Radical Decency is a relational philosophy, challenging us to be in mutual and authentic contact with our self, others, and the world. For this reason, it impels us to be tireless detectives. Why? Because a deepening understanding of our feelings and motivations, and those of others, is essential if we hope to make better choices in the service of this goal.
Unfortunately, there is little support for this investigative frame of mind in the mainstream culture. Motivated by a competitive, win/lose mindset, we instinctually find a handful of stories that work for us and stick to them. I am a tough guy; or a nurturing wife and mother; or a hard working but unappreciated employee. You are funny and fun loving; or emotional and artistic; or hard driving and critical.
With these stories in place, we become progressively less open, curious and speculative about the enormous complexity of factors that inform our feelings and motivations — and yours. Instead, we cherry pick the evidence, noticing behaviors that support our stories, using them to deepen and harden these views. And what do we do with evidence that contradicts? In the typical case, since it doesn’t fit into our pre-existing frames of reference, it simply disappears from view.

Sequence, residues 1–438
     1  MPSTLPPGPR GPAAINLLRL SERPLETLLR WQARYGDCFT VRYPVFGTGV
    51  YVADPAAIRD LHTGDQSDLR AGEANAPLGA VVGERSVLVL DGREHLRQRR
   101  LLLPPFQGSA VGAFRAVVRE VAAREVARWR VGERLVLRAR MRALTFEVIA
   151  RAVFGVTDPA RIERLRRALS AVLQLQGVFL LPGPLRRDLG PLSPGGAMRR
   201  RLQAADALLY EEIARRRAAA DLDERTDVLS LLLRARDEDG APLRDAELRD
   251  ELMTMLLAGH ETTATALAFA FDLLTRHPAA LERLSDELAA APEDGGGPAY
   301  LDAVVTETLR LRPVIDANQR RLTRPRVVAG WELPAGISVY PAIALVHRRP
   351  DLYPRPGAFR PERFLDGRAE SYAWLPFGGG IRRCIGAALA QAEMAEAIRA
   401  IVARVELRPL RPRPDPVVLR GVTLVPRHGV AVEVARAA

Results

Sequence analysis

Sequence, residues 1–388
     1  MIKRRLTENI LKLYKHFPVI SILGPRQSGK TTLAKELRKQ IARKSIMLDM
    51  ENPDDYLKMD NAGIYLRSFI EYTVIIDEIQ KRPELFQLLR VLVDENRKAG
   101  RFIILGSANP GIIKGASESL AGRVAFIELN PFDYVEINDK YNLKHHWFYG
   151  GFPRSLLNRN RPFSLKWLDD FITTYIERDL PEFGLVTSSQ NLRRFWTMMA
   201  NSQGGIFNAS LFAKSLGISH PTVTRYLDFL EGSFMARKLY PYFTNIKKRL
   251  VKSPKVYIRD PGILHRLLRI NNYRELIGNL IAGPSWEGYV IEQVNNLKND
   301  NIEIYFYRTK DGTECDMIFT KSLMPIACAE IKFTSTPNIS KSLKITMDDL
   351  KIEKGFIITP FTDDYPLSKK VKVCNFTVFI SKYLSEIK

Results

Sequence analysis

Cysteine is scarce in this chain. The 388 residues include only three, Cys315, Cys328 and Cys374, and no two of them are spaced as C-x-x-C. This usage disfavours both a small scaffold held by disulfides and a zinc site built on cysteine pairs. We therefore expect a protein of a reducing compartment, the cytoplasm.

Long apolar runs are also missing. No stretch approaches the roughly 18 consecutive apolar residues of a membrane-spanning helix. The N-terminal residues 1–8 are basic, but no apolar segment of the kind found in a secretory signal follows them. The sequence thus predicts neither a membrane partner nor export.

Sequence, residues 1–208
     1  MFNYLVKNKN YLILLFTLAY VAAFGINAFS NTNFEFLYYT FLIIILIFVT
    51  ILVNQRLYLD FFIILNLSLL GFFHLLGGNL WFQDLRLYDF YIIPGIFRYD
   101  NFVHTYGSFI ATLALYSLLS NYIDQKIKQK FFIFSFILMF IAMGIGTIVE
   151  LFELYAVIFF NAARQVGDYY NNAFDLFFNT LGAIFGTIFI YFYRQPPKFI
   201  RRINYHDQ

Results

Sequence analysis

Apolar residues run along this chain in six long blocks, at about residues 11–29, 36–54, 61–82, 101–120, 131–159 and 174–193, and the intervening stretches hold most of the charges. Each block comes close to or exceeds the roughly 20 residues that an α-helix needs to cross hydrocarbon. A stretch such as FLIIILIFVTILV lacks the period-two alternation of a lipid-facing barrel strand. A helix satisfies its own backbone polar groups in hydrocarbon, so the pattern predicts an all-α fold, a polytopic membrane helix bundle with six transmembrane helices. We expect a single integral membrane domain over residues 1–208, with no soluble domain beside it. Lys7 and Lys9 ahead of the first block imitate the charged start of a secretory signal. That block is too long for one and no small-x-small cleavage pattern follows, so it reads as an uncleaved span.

Our gender stereotypes are an especially pernicious example of this phenomenon. Even though it is frequently left unsaid in our current, more politically correct environment, women continue to struggle with the assumption that they are overly emotional, and with as other stereotypes as well; e.g., assertive women are bitches; the Madonna/whore dichotomy.
Also prevalent are the stereotypes that men have to live with:
- They are insensitive, shallow, self-absorbed louts who need to be placated and handled by women – rather than met and understood.
- “Testosterone poisoning” makes them overly aggressive.
- They are sexual “dogs,” ready to “screw anything that moves.”
These stereotypes deeply hamper our ability to understand and empathize with the opposite sex. And since we tend to internalize the stereotypes assigned to our gender, they hamstring our self-understanding as well.
So how should we understand our similarities and differences as men and women? Here are a few orienting, context-framing thoughts.